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|Photoluminescence investigations of ZnO micro/nano structures
Sedrine, N. Ben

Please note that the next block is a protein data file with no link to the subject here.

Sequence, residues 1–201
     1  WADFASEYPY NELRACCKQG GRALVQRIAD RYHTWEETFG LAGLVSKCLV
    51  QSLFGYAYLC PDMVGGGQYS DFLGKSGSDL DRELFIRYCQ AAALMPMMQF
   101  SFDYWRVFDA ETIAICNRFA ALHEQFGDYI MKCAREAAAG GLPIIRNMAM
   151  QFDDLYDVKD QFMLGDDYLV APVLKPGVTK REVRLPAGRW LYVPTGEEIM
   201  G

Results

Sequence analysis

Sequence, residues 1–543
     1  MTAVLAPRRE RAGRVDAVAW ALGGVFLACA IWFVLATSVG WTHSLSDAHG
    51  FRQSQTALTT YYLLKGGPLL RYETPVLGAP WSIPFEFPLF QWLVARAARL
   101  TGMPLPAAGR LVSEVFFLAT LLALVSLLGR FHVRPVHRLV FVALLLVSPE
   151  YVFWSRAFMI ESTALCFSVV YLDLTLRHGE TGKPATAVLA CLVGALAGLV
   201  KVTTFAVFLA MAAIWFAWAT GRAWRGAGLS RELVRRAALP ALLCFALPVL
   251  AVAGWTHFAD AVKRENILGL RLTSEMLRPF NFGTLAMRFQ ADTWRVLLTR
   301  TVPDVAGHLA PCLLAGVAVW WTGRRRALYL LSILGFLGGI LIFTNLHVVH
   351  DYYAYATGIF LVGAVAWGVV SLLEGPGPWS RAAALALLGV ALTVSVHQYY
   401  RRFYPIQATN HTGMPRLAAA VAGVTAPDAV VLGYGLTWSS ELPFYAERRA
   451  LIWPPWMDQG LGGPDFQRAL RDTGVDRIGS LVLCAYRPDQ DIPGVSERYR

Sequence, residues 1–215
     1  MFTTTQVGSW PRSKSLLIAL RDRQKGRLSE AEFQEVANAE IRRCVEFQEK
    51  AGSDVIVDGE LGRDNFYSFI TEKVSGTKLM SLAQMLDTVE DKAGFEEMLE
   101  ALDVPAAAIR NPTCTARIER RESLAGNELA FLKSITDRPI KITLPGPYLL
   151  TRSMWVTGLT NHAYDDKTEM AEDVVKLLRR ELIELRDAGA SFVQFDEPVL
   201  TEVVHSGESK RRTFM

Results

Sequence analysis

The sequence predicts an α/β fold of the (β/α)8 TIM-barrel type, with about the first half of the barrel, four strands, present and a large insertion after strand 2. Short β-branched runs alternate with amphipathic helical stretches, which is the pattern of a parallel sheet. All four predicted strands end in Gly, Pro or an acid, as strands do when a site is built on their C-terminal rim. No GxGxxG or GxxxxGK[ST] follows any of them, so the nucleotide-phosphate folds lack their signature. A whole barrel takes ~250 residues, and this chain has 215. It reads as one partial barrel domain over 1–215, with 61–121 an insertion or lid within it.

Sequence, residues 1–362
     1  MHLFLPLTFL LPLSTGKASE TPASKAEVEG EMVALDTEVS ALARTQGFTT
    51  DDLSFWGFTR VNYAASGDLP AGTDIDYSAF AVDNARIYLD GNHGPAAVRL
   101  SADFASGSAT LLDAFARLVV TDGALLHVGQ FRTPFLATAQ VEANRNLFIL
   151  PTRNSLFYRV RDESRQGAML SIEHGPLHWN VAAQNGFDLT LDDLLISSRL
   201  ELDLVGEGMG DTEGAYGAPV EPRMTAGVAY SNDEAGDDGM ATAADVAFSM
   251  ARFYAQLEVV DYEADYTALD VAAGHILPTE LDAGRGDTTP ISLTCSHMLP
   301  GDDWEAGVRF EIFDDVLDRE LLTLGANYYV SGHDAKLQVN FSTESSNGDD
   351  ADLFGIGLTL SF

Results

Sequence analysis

|Zinc oxide (ZnO) is probably one of the most researched wide bandgap semiconductors in the last decades due to its unique characteristics in terms of low production cost, high availability, bioinertness, and especially its interesting optical properties. Although this semiconductor is considered an ‘old’ material and is known to possess such unique properties for more than three decades, the interest was renewed because of the advances in nanotechnology and the possibility to be produced in a vast number of nanostructures with tunable properties. An adequate knowledge of the nanomaterials’ optical response is mandatory for assessing and optimizing their functionalities towards different applications. Although the photoluminescence properties of ZnO bulk materials have been known from several decades, quite a number of open questions remains, namely regarding the nature of defects responsible for the broad luminescence bands frequently observed in the visible spectral region. With the effects of reducing the dimensionality of the material to the nanoscale, changes may arise in the luminescence outcome due to the role of the surface/interface characteristics. Indeed, the surface phenomena can strongly affect the nanostructure properties and can be used to tailor them, consequently having a profound influence on the performance of the devices where the nanostructures are employed. Hence, in this article, an overview of the fundamental properties of ZnO, with emphasis on the main optical recombination mechanisms, both in bulk and at the nanoscale, is provided to disclose some of the current knowledge in this subject. In addition, some examples of the myriad of applications where this semiconductor has been exploited are also discussed.
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